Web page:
Most COVID-19 cases are diagnosed before any symptoms are noticeable

Now every person with a cough or fever will be worried about COVID-19. Is it just a common cold or the pandemic infection? Scientists from UCL determined that cough, fever and other symptoms are actually poor markers of COVID-19. The truth of the matter is that 86% of people who tested positive for Covid-19 during lockdown did not have virus symptoms.

COVID-19 testing site in the UK. Image credit: Glen Wallace via Wikimedia (CC BY-SA 2.0)

Cough, sore throat, fever, loss of smell and taste – those are the common symptoms of COVID-19 infection. People who are experiencing them are encouraged to seek a test, which would verify the disease. However, most of the people who tested positive do not experience any of those symptoms. Scientists analysed data from 36,061 people living in England, Wales and Northern Ireland who were tested between 26 April and the 27 June 2020. Researchers paid attention to results of those tests as well as reported symptoms.

Just 115 people included in this study received positive test results. 158 people had COVID-19-like symptoms on the day of the test. However, just 16 people who tested positive experienced symptoms – 99 did not. This means that 86.1 % of people who tested positive experienced no COVID-19 symptoms when they were tested. This means that those symptoms that are widely published as indicators of the disease, actually are poor markers of COVID-19 infection. Absolute majority of people with confirmed COVID-19 diagnosis  were asymptomatic on the day of a positive test result, which means that some guidelines need to be adjusted.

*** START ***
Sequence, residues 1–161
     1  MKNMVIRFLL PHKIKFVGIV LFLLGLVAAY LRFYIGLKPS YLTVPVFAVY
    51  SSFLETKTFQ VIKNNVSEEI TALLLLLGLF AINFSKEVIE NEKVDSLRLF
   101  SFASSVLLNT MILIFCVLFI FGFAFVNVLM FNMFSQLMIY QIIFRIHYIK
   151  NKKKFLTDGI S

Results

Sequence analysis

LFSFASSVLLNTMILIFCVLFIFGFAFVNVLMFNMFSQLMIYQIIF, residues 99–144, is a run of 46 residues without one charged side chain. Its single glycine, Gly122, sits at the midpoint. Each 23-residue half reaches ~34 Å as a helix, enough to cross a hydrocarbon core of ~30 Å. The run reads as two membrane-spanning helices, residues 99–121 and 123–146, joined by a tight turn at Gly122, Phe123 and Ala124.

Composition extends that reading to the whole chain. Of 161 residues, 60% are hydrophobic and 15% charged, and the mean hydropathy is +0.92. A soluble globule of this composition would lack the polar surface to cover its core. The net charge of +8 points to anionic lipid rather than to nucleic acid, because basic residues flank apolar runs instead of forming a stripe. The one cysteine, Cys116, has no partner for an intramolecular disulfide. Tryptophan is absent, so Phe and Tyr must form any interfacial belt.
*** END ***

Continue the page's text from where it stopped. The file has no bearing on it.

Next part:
Now people are encouraged to get tested when they are experiencing symptoms or when they had a contact with someone who tested positive. This does work for now, but these recommendations should be revised. Most COVID-19 cases are diagnosed before any symptoms are noticeable. 

Professor Andrew Phillips, co-author of the study, said: “When considering SARS-Cov-2 testing it is important to consider the purpose of the test.  A test done to indicate whether a person currently has virus levels that are likely to mean they are infectious, and not to rule in or rule out any presence of virus, does not require such a high sensitivity and cheaper rapid tests are more feasible.”

It is very important to note that asymptomatic cases sometimes turn into more difficult COVID-19 cases. This happens because you may not have COVID-19 symptoms on the day of the test, but they may develop a bit later. However, scientists understand that this just means that more testing is necessary to catch more of the infections early.


Source: UCL

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